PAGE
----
Undying Love at the End of LifeBy Seasons | March 17, 2021
If you knew you only had a little while left to live, what would you do? This question is very real to our patients, some of whom only have months or even days left. Facilitating individual answers to this question is one of our top priorities – we want to know if there’s a wish or legacy project that we can help fulfill. When Josie, our manager of volunteer services and community outreach, got the call from a teammate that one of our patients at our inpatient center in Tampa wanted to get married, she knew she had to make it happen.
Bonita was in her 70s and had been on our service for about two weeks. She had been dating Thomas for about five years, but they had never found the time to get married. Now that the end of life was approaching for Bonita, the couple knew that having the opportunity to profess their love to each other in a public and official way would bring them peace.
There wasn’t much time, but as Josie began to plan the details of the wedding, she started thinking about what would make the wedding celebratory and special for Bonita. She decided she would start with a bouquet, and googled “flower shop in Tampa” to see if she could find a local florist who would be willing to donate flowers for the wedding. One of the first search results that popped up was Jennie’s Flowers, and Josie picked up the phone to give them a call.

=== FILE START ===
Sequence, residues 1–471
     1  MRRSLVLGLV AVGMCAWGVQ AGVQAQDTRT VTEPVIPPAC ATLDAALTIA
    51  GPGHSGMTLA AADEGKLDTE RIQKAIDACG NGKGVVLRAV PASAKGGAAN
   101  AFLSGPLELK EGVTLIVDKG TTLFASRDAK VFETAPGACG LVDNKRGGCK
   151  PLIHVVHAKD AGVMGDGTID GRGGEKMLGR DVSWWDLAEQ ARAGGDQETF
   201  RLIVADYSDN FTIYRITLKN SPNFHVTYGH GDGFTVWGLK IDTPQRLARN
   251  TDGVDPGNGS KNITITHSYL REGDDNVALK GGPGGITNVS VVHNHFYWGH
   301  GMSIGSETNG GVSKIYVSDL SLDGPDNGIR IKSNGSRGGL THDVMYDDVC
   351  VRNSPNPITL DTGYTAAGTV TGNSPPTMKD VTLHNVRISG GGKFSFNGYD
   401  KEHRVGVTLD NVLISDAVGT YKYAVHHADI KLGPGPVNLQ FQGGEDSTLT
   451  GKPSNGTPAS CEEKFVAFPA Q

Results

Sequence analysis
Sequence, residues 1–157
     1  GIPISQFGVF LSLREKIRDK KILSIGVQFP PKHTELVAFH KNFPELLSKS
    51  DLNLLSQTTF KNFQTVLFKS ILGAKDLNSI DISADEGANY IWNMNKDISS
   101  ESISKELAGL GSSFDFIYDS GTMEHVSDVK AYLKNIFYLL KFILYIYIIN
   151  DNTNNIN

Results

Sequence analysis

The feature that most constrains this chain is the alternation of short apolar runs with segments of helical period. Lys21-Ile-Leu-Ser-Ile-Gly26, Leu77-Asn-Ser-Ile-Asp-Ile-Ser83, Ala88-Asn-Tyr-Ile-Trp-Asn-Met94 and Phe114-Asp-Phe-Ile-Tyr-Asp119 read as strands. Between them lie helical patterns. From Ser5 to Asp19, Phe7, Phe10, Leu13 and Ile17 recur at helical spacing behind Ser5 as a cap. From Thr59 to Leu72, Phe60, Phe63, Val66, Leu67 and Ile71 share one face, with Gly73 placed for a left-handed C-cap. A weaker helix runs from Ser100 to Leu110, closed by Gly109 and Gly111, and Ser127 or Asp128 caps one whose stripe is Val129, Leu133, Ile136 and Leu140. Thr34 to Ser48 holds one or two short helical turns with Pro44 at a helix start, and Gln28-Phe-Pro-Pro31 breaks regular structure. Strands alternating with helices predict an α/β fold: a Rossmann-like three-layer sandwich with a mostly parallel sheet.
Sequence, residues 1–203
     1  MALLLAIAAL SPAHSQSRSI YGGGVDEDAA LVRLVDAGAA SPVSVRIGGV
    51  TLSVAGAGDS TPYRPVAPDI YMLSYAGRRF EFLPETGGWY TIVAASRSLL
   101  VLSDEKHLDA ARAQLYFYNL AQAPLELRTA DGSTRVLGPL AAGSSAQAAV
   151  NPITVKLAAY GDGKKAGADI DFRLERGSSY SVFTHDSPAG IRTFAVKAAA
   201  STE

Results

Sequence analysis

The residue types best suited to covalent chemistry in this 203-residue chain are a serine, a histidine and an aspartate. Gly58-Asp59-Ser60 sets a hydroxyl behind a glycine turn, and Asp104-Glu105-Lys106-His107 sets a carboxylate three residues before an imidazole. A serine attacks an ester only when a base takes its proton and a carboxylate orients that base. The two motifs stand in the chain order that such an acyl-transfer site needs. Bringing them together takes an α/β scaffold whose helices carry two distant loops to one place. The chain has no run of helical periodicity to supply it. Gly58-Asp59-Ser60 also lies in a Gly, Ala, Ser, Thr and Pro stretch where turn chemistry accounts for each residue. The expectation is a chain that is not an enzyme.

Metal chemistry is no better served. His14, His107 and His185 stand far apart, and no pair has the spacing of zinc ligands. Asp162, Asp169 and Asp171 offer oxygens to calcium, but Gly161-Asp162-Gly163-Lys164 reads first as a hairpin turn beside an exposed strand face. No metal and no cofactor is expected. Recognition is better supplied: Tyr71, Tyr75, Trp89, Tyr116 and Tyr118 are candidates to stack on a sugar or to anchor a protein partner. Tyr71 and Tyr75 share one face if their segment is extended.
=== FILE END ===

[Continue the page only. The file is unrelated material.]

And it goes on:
As she started to share Bonita’s story with the florist who picked up, he stopped her just a few sentences in: “Of course we’ll help out!” When Josie went to pick up the bouquet the next day, not only had Jennie’s created a wonderful bouquet of red roses to donate to Bonita, they had also created a boutonniere for Thomas! When Josie told Bonita’s family in California, they were so pleased.
After having to cancel once because Bonita wasn’t feeling well, she felt a little bit better and it was time to get “hitched,” as the couple said. The whole care team at the inpatient center pitched in to make sure things went smoothly, and the ceremony was simple and short, performed by a pastor the couple knew in Tampa. Getting to look into each other’s eyes and take each other as husband and wife was so meaningful for Bonita and Thomas. They were grateful that Bonita’s daughter was able to be there with them, while other family members sent flowers and joined virtually via Zoom. Professing their eternal love for each other at this time of their lives took on a whole new significance.
Bonita died a few days after the wedding, at peace.
We’re dedicated to fulfilling these final wishes for our patients and families, and we’re grateful for the generosity of our communities in lending their support. Each person’s life journey is different. Being there to walk alongside someone as they draw near the end of theirs is a privilege and an honor.